Friday, September 25, 2015

Boy on the Beach

Gray skies and seas.
on the sand.

The image of the boy on the beach summoned
easily and endlessly by the simple mapping of bleak colour
You thought you had steeled yourself for the image.
But your stomach lurches still.
But that is nothing still. There must have been more.
Get ready for the sounds of that less-than-bucolic beach
crude shore of stunned silence and disbelieving wailing,
Brace yourself for a lungful of crisp seaside air
tinged with the scent of despair and the acid mouthful of bile.

These are no tourists
collecting their dead and discarded
dreams of nothing more than to breath another day
gone, all gone,
This is no vacation resort town that mocks
those who would dare
risk that they love the most
to at grab thin threads of a lifeline
only to earn a thousand nights of uneasy rest and
unrelenting dreams of a child's grasp failing in the waves.

It was supposed to be better.

Friday, September 18, 2015

Travelling Light

The wedding donut? Maple Bacon
He tells me that he is travelling light, but he has some pretty heavy reading in his hands and some weighty thoughts on his mind as he begins his multi-leg, long layover, leap-frog, budget flight from Portland to London.

He is alone, heading home 36 hours after getting married in a Portland donut shop--Voodoo Donuts, of course, but not the original one which he declared a "little grotty for that kind of thing."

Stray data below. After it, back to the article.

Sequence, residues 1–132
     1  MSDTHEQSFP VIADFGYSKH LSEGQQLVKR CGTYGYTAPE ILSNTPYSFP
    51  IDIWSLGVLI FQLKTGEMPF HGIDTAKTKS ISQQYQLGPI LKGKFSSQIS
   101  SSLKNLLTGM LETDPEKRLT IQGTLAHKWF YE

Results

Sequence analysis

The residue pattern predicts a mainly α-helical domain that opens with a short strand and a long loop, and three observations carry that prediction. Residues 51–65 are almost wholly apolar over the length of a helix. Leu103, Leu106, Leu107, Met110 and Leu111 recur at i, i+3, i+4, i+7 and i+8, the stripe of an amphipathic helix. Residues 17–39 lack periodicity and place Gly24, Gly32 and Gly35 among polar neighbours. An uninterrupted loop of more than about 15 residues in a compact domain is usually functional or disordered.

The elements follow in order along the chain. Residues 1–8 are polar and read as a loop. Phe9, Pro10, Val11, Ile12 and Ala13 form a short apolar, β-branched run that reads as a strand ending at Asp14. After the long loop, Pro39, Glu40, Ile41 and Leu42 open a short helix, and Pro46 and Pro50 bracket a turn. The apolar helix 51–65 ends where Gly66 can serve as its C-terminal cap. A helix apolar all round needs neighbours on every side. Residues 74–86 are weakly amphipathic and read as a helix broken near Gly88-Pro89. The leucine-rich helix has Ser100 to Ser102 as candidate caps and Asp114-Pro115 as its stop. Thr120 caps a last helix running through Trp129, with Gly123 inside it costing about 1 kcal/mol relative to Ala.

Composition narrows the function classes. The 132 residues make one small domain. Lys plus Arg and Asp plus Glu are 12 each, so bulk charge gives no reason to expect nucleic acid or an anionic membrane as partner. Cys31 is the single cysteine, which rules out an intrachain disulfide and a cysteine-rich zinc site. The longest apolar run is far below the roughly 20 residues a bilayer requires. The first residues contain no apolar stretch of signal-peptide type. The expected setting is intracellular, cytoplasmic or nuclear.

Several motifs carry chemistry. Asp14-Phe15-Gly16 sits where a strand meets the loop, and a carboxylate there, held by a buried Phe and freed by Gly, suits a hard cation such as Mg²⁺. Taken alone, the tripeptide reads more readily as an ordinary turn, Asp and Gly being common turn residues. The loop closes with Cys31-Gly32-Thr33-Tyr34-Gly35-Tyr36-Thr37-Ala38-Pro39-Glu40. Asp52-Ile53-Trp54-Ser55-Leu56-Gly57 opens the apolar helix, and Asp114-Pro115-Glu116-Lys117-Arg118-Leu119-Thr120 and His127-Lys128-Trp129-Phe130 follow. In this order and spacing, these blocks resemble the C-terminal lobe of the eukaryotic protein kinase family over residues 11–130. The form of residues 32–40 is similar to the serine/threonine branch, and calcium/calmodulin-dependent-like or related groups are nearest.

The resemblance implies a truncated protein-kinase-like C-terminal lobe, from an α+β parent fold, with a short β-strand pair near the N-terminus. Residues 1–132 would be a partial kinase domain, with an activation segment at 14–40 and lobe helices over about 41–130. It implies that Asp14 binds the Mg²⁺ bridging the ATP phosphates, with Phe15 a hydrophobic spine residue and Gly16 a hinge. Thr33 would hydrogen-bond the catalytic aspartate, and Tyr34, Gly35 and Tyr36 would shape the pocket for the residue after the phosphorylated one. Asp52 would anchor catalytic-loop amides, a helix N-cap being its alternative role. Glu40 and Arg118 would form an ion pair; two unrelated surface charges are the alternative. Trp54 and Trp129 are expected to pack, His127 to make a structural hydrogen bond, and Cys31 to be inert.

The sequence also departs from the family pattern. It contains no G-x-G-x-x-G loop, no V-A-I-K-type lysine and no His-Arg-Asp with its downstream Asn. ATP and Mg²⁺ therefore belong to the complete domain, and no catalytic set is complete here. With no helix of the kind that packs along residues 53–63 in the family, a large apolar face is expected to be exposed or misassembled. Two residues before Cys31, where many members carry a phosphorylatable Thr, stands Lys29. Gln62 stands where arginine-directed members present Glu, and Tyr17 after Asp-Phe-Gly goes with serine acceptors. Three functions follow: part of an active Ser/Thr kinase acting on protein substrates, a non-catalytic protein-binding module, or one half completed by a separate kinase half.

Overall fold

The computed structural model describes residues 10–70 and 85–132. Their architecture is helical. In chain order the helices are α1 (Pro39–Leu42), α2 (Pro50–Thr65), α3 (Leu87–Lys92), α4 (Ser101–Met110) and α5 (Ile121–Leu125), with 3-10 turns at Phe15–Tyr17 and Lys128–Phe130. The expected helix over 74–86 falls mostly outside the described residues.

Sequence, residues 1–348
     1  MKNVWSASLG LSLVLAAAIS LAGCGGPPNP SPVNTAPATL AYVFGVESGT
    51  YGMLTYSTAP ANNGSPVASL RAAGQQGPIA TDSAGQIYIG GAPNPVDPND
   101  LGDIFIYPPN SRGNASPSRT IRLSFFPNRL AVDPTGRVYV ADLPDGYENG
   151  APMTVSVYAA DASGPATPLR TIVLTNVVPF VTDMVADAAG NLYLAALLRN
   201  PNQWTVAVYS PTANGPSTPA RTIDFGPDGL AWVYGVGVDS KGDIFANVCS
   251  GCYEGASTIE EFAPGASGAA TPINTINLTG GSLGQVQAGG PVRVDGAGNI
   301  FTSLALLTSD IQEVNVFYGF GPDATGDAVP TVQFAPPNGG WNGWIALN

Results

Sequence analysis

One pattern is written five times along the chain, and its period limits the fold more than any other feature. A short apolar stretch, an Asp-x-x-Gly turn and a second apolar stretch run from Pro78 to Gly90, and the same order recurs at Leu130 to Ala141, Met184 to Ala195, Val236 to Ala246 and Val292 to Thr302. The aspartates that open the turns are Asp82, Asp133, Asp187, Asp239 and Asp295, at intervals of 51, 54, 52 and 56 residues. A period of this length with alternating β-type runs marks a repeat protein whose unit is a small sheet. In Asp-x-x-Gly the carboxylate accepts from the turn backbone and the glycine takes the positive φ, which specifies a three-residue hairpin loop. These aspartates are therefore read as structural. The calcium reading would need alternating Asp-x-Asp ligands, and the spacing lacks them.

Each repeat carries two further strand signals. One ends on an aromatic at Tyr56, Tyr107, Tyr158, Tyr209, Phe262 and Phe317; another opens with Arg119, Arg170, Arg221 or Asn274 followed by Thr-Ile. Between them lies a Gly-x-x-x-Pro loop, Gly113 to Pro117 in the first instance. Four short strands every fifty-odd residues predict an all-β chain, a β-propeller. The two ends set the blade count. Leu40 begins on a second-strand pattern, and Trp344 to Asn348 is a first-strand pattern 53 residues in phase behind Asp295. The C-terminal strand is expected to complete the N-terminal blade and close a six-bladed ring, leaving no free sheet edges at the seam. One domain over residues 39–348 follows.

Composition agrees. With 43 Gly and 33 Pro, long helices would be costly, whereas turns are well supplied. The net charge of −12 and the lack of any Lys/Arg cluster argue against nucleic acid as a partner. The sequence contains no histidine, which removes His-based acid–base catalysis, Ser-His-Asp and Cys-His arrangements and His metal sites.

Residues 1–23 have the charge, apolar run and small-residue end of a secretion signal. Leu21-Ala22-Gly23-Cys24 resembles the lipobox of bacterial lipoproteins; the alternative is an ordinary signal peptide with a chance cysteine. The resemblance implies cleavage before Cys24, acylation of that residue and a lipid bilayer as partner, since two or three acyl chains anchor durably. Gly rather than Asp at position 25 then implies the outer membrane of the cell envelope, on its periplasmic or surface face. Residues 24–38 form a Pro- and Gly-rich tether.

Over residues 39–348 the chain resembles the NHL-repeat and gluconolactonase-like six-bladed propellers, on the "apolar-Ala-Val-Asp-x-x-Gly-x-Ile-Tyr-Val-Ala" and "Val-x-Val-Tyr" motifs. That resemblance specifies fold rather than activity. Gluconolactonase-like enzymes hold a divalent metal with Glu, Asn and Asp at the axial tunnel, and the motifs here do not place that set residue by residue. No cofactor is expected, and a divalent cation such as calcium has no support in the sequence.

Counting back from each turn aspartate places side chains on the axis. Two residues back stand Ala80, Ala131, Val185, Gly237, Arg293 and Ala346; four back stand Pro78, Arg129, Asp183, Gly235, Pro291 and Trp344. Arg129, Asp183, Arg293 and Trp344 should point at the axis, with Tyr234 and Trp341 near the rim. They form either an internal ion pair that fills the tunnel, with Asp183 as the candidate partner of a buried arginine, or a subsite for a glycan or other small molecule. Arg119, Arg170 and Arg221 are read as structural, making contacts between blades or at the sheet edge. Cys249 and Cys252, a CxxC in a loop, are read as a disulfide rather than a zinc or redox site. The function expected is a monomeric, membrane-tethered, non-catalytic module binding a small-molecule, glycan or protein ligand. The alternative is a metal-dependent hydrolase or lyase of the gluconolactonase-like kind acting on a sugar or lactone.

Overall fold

His bride waits stateside for the visa that a marriage to a Briton might afford. He says he feels lucky he can afford the legal fees and visa processing charges and thinks that he can hack the lonely six-month wait for his Voodoo Donut bride to join him in their new life. He hopes to be a barrister by then, someone who will work on issues to better society. He likes the pomp of being a barrister, wig, robes and all.

He realises his choices aren't for everybody; knows he is not the norm. A boarding student from the age of 15 with a family posted on another continent, he learned to rely on himself.  In law school, he marvelled that his university cohorts struggled with laundry, groceries and other realities of being an adult. He had long since learned to separate colours and pre-treat stains.

His mother initially refused to attend the wedding (If you think I am going to watch my only son get married in a donut shop...)  but eventually was talked into a gold sari to step into her son's made-for-Portland wedding. Her friends convinced her that she might not want her only son to get married without her.

His new sister-in-law refused to come. It wasn't, she thought, spiritually safe to get married at Voodoo Donuts.

Nothing like  Herman Hess to weigh down a newlywed